Birth Control

Missouri May Free Birth-Control Pills From Doctor's Prescription

Another GOP-led bill to decouple birth-control pills from doctors shows contraception is losing luster in the culture wars.



Following in the wake of similar changes in California and Oregon, Missouri lawmakers may strip hormonal birth-control of its prescription-only status. A bill sponsored by statehouse Republican Rep. Sheila Solon (District 31) would add "the prescribing and dispensing of hormonal contraceptive patches and self-administered oral hormonal contraceptives to the definition of the practice of pharmacy." This means that while birth control pills and patches would not technically be "prescription free," nor sold over the counter, people could purchase them in one visit to Target or the local drugstore.

As it stands, getting birth control in most of the U.S. requires yearly—or sometimes more frequently, depending on the doctor, clinic, or health insurance plan—visits to a physician to renew one's prescription. This demands women take time off things like work or childcare in order to get a permission slip for something safe and routine, drives up overall health care expenses, and makes avoiding unintended pregnancy more difficult

Preventing unintended pregnancies is Rep. Solon's aim, according to the Associated Press. Someone whose website proudly touts "Conservative Values" near the top of its homepage, Solon opposes abortion and thinks making it easier for women to get contraception can help reduce the need for women to go that route.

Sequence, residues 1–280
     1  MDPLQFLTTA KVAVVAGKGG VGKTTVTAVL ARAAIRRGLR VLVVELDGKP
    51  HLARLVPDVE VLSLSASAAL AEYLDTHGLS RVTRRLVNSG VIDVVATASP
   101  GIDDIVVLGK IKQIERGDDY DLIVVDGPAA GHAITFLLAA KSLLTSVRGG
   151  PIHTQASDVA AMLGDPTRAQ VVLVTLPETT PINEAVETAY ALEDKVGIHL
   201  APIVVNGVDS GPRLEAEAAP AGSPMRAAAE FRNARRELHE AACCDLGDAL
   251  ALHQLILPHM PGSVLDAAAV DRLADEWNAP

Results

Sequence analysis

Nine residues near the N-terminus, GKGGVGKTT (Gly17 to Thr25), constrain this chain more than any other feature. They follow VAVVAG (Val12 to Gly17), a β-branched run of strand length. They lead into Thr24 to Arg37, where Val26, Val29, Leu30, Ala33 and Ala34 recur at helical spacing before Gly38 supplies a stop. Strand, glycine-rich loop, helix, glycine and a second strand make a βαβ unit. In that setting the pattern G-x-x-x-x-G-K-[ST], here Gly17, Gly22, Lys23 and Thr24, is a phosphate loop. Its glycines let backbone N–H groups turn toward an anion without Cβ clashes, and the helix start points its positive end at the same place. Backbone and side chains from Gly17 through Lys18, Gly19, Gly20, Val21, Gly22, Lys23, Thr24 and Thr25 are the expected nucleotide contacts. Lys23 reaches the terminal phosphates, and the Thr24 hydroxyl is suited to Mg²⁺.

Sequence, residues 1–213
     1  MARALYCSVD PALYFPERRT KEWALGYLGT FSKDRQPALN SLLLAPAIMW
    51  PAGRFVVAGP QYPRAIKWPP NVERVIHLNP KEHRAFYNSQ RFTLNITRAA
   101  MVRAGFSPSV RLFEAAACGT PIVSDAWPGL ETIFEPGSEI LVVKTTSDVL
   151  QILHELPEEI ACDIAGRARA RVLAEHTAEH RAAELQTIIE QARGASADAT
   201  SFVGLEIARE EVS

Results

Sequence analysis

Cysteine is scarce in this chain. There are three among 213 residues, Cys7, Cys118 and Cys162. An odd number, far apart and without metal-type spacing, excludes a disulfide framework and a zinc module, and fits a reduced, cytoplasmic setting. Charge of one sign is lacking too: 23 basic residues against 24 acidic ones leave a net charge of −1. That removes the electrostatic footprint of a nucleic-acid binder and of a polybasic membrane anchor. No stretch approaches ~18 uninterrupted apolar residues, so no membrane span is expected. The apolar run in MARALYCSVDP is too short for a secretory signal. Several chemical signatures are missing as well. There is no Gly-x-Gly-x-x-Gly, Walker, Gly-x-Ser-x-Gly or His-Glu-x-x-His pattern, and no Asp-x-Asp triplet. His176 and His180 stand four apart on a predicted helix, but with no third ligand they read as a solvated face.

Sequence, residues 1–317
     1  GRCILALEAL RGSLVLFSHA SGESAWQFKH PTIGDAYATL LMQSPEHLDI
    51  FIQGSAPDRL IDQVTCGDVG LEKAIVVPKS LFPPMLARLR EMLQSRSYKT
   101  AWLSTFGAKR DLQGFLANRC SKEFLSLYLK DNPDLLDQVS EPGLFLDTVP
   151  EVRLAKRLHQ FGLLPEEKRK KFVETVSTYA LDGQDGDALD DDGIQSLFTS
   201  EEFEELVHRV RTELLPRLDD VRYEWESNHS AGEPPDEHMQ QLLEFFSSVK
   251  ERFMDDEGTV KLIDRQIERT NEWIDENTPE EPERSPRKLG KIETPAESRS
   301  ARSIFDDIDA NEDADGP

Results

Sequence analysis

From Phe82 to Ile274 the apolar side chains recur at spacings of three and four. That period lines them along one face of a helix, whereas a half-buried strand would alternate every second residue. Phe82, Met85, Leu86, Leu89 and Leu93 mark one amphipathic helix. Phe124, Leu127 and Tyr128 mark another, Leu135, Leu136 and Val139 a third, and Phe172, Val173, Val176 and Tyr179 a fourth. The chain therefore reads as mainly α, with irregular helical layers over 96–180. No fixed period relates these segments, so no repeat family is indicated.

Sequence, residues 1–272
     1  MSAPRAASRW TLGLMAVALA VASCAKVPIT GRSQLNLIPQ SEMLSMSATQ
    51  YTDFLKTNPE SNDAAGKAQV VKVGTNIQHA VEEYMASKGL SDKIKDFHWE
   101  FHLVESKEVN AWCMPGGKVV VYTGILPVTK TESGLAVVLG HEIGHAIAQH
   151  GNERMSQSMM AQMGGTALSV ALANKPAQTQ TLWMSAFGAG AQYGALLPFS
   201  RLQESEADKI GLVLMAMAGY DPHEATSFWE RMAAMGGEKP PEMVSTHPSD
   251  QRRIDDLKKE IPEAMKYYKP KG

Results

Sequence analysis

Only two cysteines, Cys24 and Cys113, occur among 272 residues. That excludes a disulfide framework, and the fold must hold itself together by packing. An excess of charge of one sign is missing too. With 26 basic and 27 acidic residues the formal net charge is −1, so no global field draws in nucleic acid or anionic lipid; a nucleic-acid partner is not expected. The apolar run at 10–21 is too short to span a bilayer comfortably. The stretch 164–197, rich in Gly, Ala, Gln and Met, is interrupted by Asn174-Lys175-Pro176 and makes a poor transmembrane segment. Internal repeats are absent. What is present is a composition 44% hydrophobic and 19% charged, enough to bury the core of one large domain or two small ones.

This probably sounds like common sense to you, but it's taken Republican politicians a long time to come around to the idea that "endorsing" the use of birth control by making it easier to get would actually work toward their pro-family and anti-abortion aims, rather than merely encourage more ladies to start slutting it up. The past few years, however, have seen glimmers of hope that while some contraceptive methods may remain controversial (mostly emergency contraception and intrauterine devices), birth control more broadly is losing its luster in the culture wars. 

Republican lawmakers have been the biggest drivers of recent moves to make birth control pills available without a doctor's visit. And several other states (including Washington state and Tennesee) are considering similar measures. Most proposals stop short of recommending over-the-counter access and offer some variation on the pharmacist consultation route.

Solon's proposal would still require women to see a doctor within three years of receiving a pharmacist's prescription. Women under 18 could renew a prescription through a pharmacist but would have to show them an initial doctor's prescription first. It would also allow birth control supplies to be sold in one-year increments after an initial three-month prescription.

The measure, House Bill 1679, was introduced in December 2015 and received an initial hearing this week. Co-sponsors include one male Republican, one female Republican, and one female Democrat, Reps. Shamed Dogan (District 98), Chrissy Sommer (District 106), and Bonnaye Mims (District 27).